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theodore M I R A L D I mpa ... editor, publisher, writer. katherine molé mfa ... art director
Thursday, November 8, 2018
Jim Acosta VIOLATED One of the Oldest RULES of Journalism
Jim Acosta AFP/Getty Images Michael Goodwin
By producing a split decision, the election that was supposed to end all elections turned out to be fairly predictable. But it’s the day after that was unlike any other.
The Republican president, the likely speaker of the Democratic-controlled House and the Senate’s Republican majority leader each started Wednesday by talking about working together to get things done. They talked to each other privately and talked separately in public about what they thought they could accomplish for the country.
For most Americans, that would make for a very good day. Given the overheated environment leading up to the midterms and the fear among many that we are drifting toward an era of disunion and spreading political violence, bipartisan pledges to work together for the common good were like the sudden emergence of a bright candle flickering in the wind.
Alas, it was the last thing some members of the White House press corps wanted, so they tried to snuff it out.
The conduct of a handful of so-called reporters during President Trump’s news conference was disgraceful beyond measure. This is not journalism, this is narcissism.
Naturally, the boorish Jim Acosta of CNN was the instigator. As is his habit, Acosta doesn’t ask questions — he makes accusations and argues. Almost daily, he does it with the press secretary; Wednesday, he did it with the president.
That should have been enough — Acosta got the attention he wanted and got Trump’s goat, giving his network video it could make hay out of for days. Besides, there were scores of other reporters raising their hands to be called on.
But Acosta wouldn’t give up the microphone and kept talking over Trump, trying to lob another grenade.
The president, clearly angry now and stepping away from the podium as if he might bolt the room, pointed at him and said forcefully, “That’s enough, that’s enough. Put down the mic.”
Finally, Acosta sat down, then stood up to argue again, interrupting another reporter. That reporter, from NBC, praised Acosta and picked up the baton by making his own accusation disguised as a question. He mentioned Trump’s attacks on Democrats and “asked” the president: Why are “you are pitting Americans against one another?”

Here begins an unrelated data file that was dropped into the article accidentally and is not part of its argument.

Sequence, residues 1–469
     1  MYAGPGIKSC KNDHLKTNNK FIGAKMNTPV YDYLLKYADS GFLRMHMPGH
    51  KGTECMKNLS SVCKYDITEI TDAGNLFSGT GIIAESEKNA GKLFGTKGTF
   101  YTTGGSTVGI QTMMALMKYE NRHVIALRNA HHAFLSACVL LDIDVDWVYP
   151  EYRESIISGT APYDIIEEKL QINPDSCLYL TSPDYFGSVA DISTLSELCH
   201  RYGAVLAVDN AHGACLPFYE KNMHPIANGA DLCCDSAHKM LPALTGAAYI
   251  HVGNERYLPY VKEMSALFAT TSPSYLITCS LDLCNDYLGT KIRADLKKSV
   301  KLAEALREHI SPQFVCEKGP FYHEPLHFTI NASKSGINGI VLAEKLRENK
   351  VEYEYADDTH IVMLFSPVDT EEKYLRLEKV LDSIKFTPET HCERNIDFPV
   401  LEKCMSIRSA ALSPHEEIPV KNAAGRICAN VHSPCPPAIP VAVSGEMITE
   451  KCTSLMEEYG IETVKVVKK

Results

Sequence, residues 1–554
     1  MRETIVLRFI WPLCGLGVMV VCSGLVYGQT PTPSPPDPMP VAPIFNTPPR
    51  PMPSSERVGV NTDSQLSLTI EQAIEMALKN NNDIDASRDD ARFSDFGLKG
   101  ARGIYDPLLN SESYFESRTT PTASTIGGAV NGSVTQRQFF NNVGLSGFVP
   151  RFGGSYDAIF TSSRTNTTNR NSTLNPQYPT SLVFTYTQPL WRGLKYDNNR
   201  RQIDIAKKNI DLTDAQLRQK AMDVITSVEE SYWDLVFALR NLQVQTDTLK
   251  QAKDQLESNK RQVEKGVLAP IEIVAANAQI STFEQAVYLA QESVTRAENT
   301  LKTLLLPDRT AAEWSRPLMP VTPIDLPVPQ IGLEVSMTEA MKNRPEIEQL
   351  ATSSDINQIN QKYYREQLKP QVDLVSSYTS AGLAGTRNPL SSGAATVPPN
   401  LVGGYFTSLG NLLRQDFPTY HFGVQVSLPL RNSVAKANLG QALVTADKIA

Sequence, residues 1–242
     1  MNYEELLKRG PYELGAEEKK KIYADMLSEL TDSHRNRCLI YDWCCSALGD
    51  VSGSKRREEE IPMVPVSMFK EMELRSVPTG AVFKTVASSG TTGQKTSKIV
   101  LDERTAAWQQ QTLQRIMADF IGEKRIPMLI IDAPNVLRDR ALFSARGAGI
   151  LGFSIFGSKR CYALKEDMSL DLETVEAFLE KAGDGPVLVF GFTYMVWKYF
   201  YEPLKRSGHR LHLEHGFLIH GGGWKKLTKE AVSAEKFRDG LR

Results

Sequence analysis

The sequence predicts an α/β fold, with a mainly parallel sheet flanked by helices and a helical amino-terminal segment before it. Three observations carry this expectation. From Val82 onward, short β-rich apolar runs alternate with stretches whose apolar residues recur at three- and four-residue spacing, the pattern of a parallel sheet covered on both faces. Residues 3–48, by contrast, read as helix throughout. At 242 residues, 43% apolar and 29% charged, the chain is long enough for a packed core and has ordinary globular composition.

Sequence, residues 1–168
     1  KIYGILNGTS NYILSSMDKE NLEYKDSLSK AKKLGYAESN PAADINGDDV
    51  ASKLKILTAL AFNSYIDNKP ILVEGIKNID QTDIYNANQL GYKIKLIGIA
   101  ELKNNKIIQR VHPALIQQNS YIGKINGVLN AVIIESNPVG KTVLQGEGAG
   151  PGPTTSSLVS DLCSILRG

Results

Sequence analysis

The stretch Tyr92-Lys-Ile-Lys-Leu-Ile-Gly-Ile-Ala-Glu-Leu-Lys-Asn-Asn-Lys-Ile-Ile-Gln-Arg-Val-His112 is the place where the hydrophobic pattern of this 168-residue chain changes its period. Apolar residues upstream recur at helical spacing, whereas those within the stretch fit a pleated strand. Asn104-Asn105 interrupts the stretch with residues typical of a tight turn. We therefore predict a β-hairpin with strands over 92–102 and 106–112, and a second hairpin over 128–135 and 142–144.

Trump, to his credit, actually answered in a substantive way, but that didn’t satisfy because the reporter didn’t really ask a question. He, too, just wanted to make an accusation and argue. On camera.
There was a time not long ago when young journalists were taught not to become the story. Apparently, many news organizations have flipped that lesson on its head.
But we are witnessing something more insidious here than media trash talk. Plain and simple, we are watching expressions of personal hatred.
Yes, it’s true that most journalists lean far left and their bias sticks out like so many sore thumbs. That’s been true for a long time, but political bias is an insufficient explanation for the Jim Acostas of our time.
They hate Trump. They really, really hate him. There’s nothing professional about it.
They are not alone. Take a poll of almost any major newsroom in America and the vast majority of those working there, if they are being honest, will confess they, too, can’t stand the existence or the sound of Trump.
Or try to imagine Acosta and his ilk behaving in similarly hostile fashion toward Barack Obama or Hillary Clinton. Keep trying, but you can’t imagine it because it never happened. Both of those pols lied to journalists repeatedly, yet you can bet 90 percent still voted straight Democratic.
Even if they didn’t like Obama or Clinton, the political reporters would never dare accuse them publicly of anything, argue with them or interrupt them. Even when skeptical, they were respectful.
Recall how Obama used to spend 10, 15 and even 20 minutes answering a single question — without interruption.
Many in the press corps may have found him overbearingly arrogant. They may have resented the way he looked down on them and bristled at critical stories or tough questions. They knew he started more leak investigations than any other president, and might have feared him because his Justice Department wiretapped a Fox News reporter during a leak case.
But they would never interrupt him or insult him or refuse to give up the microphone.
Just as Acosta can’t go into a movie theater and yell “fire” when there is no fire, he should not have the right to hijack a presidential press conference to suit his own ego.
It is also long past time for his colleagues, including those from other outlets, to remind him that his shameful conduct is making all of them look bad. More important, scenes like Wednesday’s further erode the public’s already-declining mistrust of the media and fuel resistance to the First Amendment.
The anti-Trump antics are no longer a side show. America has serious problems as well as dangerous enemies, and the mere prospect of Trump, Nancy Pelosi and Mitch McConnell working together is the best news we could have hoped for Wednesday.
Instead, it was overshadowed by a few narcissists chasing their own vanity.